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OVERSIGHT SUBCOMMITTEE THREATENS SUBPOENAS FOR COUNTERNARCOTICS CONTRACT DATA

May 21, 2010

WASHINGTON, D.C. - U.S. Senator Claire McCaskill, chair of the Subcommittee on Contracting Oversight, took the Departments of State and Defense to task Thursday for their failure to produce meaningful documentation for billions of dollars in contracts for international counternarcotics activities in Latin America. In the first significant Congressional oversight efforts on this large but little-known area of government contracting, McCaskill sought to learn more about the work and performance of contractors but was left without basic information about the contracts awarded for fighting drug production south of the U.S. border.

"We asked for this information from the State Department and the Defense Department more than three months ago. Despite our repeated requests, neither Department has been able to answer our questions yet," McCaskill said at the hearing Thursday.


McCaskill continued: "I do not want to use subpoenas. This should be a cooperative exercise, but I will not hesitate, and I know my ranking member feels the same way. I will not hesitate to use subpoenas because this is important - it is billions and billions of dollars. We need to get to a point where the appropriators say ‘no more money until you are at least capable of showing us how you have spent what you've got.'"


Watch video of Claire questioning witnesses at the hearing


The State Department and Department of Defense officials share responsibility for the counternarcotics activities, including contracts to assist foreign governments in Latin America with the training of local police forces and destroying fields of coca plants used to produce cocaine. Since the mid-1970s, the federal government has increased counternarcotics assistance. Today the operation is worth billions of dollars worth of contracts for private companies.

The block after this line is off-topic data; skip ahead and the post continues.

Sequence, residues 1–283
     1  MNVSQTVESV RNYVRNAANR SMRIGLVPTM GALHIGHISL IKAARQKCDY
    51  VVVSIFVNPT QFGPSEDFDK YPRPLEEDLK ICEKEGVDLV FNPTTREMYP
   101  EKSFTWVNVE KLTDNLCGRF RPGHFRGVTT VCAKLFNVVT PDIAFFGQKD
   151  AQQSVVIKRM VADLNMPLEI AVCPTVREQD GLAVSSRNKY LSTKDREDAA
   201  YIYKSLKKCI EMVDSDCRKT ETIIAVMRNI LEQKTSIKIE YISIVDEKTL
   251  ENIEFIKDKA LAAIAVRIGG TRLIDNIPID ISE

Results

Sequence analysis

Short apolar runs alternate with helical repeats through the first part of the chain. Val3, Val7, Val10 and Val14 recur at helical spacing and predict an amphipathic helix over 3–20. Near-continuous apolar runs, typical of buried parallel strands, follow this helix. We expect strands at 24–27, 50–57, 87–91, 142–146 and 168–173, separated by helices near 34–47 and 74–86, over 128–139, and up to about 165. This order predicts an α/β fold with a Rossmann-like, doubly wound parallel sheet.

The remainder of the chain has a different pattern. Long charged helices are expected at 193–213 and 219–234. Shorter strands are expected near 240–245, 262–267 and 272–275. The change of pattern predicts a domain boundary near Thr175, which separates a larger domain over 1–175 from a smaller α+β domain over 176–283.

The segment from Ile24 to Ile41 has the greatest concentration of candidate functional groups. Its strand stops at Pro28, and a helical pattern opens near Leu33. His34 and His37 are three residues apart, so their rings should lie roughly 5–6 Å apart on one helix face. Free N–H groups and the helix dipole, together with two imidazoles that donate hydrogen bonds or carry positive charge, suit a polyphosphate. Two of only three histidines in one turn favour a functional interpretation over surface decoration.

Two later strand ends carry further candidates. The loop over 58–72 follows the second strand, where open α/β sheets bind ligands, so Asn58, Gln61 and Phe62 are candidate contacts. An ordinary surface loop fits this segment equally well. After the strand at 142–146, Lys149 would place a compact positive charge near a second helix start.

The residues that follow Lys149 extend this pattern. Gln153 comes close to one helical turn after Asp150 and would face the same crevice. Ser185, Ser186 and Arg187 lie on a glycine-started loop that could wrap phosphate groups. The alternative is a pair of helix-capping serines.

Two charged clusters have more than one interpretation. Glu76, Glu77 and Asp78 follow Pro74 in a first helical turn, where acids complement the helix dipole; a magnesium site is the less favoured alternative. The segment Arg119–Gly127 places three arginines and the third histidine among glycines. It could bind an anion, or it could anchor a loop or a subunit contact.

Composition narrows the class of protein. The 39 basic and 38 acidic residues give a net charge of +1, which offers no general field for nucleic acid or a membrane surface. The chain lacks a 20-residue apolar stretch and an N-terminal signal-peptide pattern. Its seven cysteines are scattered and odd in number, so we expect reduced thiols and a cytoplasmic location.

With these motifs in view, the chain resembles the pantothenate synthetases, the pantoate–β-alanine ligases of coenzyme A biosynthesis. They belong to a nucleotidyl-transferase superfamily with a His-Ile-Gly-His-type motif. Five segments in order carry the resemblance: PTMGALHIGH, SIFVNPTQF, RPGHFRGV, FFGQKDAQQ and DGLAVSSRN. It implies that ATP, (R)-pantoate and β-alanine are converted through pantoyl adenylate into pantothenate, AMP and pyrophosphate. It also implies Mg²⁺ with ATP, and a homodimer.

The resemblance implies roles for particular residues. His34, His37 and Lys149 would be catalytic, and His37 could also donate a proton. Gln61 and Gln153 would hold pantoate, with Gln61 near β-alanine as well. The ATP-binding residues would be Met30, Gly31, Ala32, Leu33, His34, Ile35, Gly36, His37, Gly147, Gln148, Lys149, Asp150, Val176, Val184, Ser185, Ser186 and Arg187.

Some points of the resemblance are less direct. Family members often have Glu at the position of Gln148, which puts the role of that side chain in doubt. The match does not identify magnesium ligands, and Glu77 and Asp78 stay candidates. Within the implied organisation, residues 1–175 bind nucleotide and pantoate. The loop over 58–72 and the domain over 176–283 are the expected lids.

At the hearing, McCaskill asked both witnesses from the State and Defense Departments basic questions about the government's contracting activities in Latin America. Overall, the witnesses' answers fell short of complete, although they did referenced some information that the subcommittee had requested but had not been provided with prior to the hearing, furthering frustrating McCaskill.

"If I had had that information before this hearing, I could have done a much better job drilling down on contracting oversight today than I was able to do because of a lack of data. I suggest we try this one more time . . . . You give us input as to how quickly you can get us the kind of data that both of you are smart enough to know we need to do adequate contract oversight, and let's go from there. We're going to try one more time, and if we are still frustrated at the end of this process, we will issue subpoenas."

McCaskill ended the hearing by reminding the witnesses that the Subcommittee will not hesitate to pursue this issue further, saying simply, "We're not going to go away."

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